(The following is an excerpt from our yet to be published book regarding politics, government and American society. We are a married couple and the following expresses our opinions about campaign finance reform.)
Campaign Finance Reform
There has been much discussion in recent years about campaign finance reform. The best solution that anyone has come up with so far has been public financing. Really? This plan uses taxpayer dollars to help pay for campaigns. Why should my dollars go to pay for candidates that I do not support, and pay for candidates in regions that don’t affect me?
The excessive money being spent on campaigns, makes Americans feel that politicians are buying elected office.
Only registered voters should be able to make campaign donations. No corporations, no lobbying firms, no unions. All monies remaining at the end of the election are to be donated to the general fund at the level of government for which the campaign was held. Federal campaigns to federal government, state campaigns to state government, and so on.
We need, as a country of individuals, to take back our government. We need to do this by taking control of how we finance our elections. Only registered voters should be able to contribute to campaigns. There should be reasonable limits put on donation amounts so that we don’t inadvertently create a system where the wealthiest Americans have more say than the least among us. We need to make the American taxpayer the boss again – not just something to be hauled out when political ideologies need props.
Why would a corporation contribute to a campaign? Typically it is so that (if elected) the politician will support (or kill) legislation that is favorable (or unfavorable) to the corporation. However, what is best for the corporation is not always what is best for the taxpayers and constituents of the district/regions involved.
Why would a lobbying firm contribute to a political campaign? Again, it is with the hope that the elected official will support or kill legislation in accordance with the wishes of their clients. Their clients range from corporations to entire industries, and non-profit organizations.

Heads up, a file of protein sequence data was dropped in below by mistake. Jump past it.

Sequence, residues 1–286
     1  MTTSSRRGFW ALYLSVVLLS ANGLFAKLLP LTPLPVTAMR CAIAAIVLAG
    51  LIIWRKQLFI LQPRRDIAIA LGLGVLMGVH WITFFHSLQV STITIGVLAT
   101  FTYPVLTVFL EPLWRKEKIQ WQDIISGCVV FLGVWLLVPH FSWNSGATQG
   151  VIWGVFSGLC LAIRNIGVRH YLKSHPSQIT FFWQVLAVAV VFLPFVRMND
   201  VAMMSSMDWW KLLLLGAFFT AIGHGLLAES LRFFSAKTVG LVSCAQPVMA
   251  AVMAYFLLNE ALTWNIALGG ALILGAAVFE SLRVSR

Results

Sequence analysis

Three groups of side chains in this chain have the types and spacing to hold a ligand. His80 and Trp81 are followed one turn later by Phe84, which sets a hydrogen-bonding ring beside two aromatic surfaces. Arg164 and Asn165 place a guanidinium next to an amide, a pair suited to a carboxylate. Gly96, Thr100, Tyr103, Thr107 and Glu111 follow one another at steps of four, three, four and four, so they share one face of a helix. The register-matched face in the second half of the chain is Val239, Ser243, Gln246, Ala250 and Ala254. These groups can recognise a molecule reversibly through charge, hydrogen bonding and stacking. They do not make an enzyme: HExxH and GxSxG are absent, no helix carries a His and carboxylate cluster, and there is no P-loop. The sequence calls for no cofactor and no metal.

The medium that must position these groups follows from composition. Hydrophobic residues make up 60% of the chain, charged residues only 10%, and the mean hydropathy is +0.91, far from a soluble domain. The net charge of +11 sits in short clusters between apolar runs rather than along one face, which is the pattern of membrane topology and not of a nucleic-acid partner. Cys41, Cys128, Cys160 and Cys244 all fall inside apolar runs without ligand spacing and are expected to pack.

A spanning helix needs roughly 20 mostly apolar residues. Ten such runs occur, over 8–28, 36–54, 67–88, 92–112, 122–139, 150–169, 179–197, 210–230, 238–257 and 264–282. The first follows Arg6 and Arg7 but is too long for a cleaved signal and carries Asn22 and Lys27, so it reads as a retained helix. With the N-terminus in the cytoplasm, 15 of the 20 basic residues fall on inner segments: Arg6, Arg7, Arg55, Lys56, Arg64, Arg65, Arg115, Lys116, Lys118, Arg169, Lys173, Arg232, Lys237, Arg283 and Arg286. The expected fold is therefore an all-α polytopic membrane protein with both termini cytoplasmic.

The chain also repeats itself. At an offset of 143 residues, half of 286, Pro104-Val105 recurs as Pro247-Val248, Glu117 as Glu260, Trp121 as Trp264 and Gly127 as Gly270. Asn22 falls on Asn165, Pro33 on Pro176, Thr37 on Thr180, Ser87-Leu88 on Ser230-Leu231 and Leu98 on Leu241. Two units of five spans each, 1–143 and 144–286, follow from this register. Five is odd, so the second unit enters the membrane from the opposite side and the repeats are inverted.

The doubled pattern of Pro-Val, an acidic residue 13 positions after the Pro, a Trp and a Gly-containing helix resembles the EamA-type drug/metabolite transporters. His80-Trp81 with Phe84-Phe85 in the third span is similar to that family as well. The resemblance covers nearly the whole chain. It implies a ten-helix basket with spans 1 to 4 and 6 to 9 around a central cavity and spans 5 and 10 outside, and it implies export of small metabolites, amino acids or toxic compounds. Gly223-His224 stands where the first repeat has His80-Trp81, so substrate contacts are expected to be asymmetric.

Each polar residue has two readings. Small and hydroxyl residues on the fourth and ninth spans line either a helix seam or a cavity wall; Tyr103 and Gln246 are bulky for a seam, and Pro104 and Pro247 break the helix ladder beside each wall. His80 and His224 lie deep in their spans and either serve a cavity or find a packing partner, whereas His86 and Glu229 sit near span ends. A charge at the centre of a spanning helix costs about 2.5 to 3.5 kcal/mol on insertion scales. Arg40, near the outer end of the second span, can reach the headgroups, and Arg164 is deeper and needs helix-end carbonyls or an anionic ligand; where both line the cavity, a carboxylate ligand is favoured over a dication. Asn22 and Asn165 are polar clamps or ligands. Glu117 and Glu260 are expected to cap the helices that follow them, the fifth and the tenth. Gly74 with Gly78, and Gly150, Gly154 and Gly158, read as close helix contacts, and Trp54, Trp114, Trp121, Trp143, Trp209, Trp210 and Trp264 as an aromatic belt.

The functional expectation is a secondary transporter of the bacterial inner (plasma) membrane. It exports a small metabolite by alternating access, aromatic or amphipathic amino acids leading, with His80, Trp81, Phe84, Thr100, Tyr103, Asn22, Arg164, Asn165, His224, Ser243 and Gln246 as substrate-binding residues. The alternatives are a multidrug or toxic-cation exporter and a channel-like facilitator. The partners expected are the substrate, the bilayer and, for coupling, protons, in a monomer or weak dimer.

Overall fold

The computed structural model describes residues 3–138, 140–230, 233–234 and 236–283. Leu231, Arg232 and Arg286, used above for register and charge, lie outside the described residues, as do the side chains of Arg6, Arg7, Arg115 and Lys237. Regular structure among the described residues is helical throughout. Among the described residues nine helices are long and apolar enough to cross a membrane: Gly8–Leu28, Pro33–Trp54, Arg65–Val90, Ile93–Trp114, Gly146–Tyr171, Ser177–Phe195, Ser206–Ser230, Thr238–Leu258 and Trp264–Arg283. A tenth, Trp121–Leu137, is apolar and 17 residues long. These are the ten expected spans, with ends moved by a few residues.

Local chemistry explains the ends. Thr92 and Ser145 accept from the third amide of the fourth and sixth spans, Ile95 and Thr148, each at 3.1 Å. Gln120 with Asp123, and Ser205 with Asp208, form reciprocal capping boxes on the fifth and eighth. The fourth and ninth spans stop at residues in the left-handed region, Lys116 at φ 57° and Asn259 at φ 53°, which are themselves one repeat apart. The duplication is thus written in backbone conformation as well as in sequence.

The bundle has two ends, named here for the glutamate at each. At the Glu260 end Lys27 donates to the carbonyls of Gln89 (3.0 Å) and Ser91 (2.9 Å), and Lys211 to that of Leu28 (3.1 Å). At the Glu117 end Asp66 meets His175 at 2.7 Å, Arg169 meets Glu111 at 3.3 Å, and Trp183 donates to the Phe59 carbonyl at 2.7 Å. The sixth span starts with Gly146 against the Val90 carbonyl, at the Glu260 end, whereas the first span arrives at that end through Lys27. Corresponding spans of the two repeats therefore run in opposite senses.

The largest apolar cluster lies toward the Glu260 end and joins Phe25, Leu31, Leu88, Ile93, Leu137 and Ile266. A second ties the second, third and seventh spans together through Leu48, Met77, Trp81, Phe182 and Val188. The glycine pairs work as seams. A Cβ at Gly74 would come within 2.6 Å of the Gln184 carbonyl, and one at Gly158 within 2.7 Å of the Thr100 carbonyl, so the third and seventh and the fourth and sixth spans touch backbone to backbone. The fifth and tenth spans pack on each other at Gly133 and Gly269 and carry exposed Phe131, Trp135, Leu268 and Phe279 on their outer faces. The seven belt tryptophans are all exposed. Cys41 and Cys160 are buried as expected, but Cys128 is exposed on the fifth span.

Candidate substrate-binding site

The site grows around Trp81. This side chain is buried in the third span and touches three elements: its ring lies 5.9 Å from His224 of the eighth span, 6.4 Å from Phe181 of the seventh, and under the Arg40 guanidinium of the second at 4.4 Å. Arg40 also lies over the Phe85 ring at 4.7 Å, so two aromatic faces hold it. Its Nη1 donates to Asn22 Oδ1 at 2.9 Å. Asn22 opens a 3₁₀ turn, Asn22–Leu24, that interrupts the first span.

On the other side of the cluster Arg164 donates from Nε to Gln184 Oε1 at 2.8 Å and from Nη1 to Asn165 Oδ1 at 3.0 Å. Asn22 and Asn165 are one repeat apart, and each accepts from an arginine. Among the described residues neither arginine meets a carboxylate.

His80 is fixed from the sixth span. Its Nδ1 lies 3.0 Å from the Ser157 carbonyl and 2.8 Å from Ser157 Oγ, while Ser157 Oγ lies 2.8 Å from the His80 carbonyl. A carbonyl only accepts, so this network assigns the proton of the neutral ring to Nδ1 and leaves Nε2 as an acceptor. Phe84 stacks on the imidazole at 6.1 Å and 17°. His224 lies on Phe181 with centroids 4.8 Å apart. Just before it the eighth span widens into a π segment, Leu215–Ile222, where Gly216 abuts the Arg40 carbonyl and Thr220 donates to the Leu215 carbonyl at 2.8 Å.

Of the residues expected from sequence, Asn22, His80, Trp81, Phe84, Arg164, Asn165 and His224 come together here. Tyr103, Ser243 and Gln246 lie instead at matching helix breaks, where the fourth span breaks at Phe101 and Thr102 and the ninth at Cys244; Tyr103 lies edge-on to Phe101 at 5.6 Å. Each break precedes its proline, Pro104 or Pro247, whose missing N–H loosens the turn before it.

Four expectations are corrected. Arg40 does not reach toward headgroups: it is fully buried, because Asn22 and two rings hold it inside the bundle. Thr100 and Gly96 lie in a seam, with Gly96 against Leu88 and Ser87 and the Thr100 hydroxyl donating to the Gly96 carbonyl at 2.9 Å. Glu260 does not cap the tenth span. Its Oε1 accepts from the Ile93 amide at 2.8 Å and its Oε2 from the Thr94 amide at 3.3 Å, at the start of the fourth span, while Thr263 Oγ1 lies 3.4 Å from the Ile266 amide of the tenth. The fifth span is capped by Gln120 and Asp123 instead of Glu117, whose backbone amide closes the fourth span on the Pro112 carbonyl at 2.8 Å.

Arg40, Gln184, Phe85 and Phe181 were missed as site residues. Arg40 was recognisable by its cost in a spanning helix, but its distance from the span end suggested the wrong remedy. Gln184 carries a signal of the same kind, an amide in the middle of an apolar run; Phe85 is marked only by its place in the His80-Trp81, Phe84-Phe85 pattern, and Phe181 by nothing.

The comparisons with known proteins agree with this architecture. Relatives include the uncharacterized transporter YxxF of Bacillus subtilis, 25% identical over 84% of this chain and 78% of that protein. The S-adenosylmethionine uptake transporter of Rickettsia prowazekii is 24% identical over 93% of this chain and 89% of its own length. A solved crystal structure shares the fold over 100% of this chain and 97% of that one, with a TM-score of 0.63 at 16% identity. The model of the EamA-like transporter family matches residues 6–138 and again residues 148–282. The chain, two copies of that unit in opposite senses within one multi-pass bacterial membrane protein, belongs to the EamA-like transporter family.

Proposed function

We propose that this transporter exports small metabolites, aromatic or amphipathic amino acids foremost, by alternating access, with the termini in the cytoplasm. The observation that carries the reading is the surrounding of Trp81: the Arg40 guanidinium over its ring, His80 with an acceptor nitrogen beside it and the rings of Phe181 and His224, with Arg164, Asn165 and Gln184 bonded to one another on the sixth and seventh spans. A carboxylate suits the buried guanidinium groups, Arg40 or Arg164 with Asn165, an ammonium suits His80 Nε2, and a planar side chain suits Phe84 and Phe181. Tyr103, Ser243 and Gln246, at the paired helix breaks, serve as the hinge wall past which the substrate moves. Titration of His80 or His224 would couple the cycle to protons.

Why would unions contribute to a campaign? Once again, it would be with the hope that the elected official will support or kill legislation in accordance with the wishes of the union.
All of these entities seem to ignore the understanding that our government should be …of the people, by the people and for the people. It was a pretty simple premise that was established long ago. We should be legislating with “the people” in mind on every issue.
There are those that would say the corporations, lobbyists and unions are working on behalf of their employees, clients or members. However, if we look at unions: most do not poll their membership prior to endorsing a candidate. Additionally, just being a member of a union does not define its membership. Let’s take a look at a teachers union as an example. There are teachers that are close to retirement, and those that are new to the vocation. There are teachers that own homes and property, while others rent. There are teachers that are gay, while others are heterosexual. There are those that are married and some that are single. Are we to assume that their views as union members would supersede all of the other facets of their lives? We cannot, but the current system allows millions of dollars from teachers unions to be spent supporting campaigns in every level of government, often on campaigns and issues that aren’t supported by a majority of their membership.
Another concern is that when so much money is donated by these large entities, it inhibits the small guy from participating in the process. Essentially, voters are only able to vote for the candidates that have large money backers. The corporations, lobbyists and unions have already narrowed the field down to a selected few. When we go to the polls, we are selecting from what they have offered us. We are not necessarily selecting from among the most qualified or most civic minded individuals. We are often, admittedly, selecting the lesser of two evils.